Nvidia’s purchase of Arm now looks unlikely without significant conditions...
Feb 15, 2021
- And even then there will be reluctance to see the sale occur
- A large number of large companies have all piled on, urging the authorities to investigate
- A drawn-out process looks likely
Back in September 2020, chip specialist Nvidia agreed to acquire British chip designer Arm from SoftBank for $40 billion. It was bound to be a controversial move and much has happened since then, not least a further rise in international distrust on the technology front. The result being that the vulnerabilities of a globalised IT ecosystem with specialists in one country providing key technology to important players in another country - or to a company with a diametrically opposed business model - are now all too apparent.
Nvidia is a US based multinational specialising in graphics technology and system on a chip (SOC) units for the mobile computing and automotive markets. Arm licenses its processor designs to other chip companies who tend to add extra features or cores to get the performance and features they want. The big boys including Apple, Qualcomm, and Amazon all use Arm designs.
Arm’s business model trades revenue per chip for volume and relies on the assurance that Arm will continue to treat all its customers in a neutral manner and won’t attempt to bait and switch on pricing. Arm’s approach has worked terrifically well so far and it’s estimated that 180 billion (with a ‘b’) Arm-designed chips have been shipped since the company was founded in Cambridge England, nearly 30 years ago.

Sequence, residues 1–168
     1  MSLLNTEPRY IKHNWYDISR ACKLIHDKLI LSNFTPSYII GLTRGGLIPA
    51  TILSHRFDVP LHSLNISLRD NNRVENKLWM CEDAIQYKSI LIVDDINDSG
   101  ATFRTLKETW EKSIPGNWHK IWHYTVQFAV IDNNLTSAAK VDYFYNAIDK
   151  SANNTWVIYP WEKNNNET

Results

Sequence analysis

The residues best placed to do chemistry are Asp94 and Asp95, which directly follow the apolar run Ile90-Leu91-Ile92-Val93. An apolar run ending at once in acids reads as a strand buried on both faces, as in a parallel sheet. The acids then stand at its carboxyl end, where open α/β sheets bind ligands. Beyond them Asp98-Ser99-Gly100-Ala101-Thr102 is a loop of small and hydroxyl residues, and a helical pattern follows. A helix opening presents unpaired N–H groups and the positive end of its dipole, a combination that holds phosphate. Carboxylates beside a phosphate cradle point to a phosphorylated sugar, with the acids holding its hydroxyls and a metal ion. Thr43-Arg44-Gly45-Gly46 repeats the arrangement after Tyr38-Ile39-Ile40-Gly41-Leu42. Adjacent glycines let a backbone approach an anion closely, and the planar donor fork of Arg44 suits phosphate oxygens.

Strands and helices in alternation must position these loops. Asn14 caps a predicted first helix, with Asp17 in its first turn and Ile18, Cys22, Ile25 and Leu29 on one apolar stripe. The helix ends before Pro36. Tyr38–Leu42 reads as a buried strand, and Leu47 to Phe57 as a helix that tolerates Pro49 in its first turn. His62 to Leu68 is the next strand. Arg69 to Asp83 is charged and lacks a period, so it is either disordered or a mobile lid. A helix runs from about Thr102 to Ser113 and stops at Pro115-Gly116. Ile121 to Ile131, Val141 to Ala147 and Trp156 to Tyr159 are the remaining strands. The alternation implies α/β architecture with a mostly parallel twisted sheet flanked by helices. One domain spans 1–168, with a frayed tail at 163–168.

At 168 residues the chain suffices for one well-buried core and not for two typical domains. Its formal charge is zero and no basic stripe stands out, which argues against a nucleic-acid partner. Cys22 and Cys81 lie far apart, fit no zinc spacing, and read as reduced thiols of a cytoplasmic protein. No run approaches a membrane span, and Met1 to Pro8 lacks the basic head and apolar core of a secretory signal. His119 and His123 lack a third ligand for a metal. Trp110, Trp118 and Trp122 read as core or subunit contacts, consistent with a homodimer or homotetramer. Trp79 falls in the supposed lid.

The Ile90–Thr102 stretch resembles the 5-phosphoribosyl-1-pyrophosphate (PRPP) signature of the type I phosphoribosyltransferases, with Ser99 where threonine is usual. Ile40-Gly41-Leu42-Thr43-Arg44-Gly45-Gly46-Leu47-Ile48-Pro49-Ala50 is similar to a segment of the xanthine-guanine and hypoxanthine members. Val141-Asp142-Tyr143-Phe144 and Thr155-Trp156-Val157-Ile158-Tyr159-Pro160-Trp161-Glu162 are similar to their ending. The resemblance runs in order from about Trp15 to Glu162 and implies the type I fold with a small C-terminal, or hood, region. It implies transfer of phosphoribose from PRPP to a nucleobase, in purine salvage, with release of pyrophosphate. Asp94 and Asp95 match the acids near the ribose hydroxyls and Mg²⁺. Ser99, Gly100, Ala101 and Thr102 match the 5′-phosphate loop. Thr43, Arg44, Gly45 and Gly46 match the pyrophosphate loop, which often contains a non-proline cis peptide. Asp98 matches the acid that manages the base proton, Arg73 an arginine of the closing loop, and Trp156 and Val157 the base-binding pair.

That dynamic makes the sale of Arm from one company to another particularly delicate and alarm bells rang out in September the moment the sale from Softbank to Nvidia was announced . The bells have grown louder since.
Most significantly from Qualcomm, which is hugely reliant on Arm designs for most of its line, including its key Snapdragon line of smartphone processors.
Arm and Nvidia have made all sorts of assurances that the business model won’t change and that the company will continue to be based in Cambridge, but Qualcomm worries that the sale could see Nvidia becoming a gatekeeper to Arm’s technology with negative consequences. The high price paid - $40 billion - causes the San Diego giant to worry that Nvidia will have to find ways to drive extra revenue to justify the purchase.
Most recently more big companies have joined the chorus against the sale, and the authorities from both the European Union and the UK have instigated “in-depth” probes into the acquisition. China too, fearful for obvious reasons, has set the China State Administration for Market Regulation onto the case.
The spate of objections from the likes of Microsoft and Google, Huawei, Apple, Samsung and Intel has reportedly convinced the US Federal Trade Commission that it needs to review the deal.
Taken together the multiple probes promise to take many months as the FTC and others will demand vast shed-loads of documentation and seek views from the industry.
And not just the US, of course, the UK’s Competition and Markets Authority (CMA) is also probing. As a result 18 months is being mentioned as the likely time-frame for a decision.
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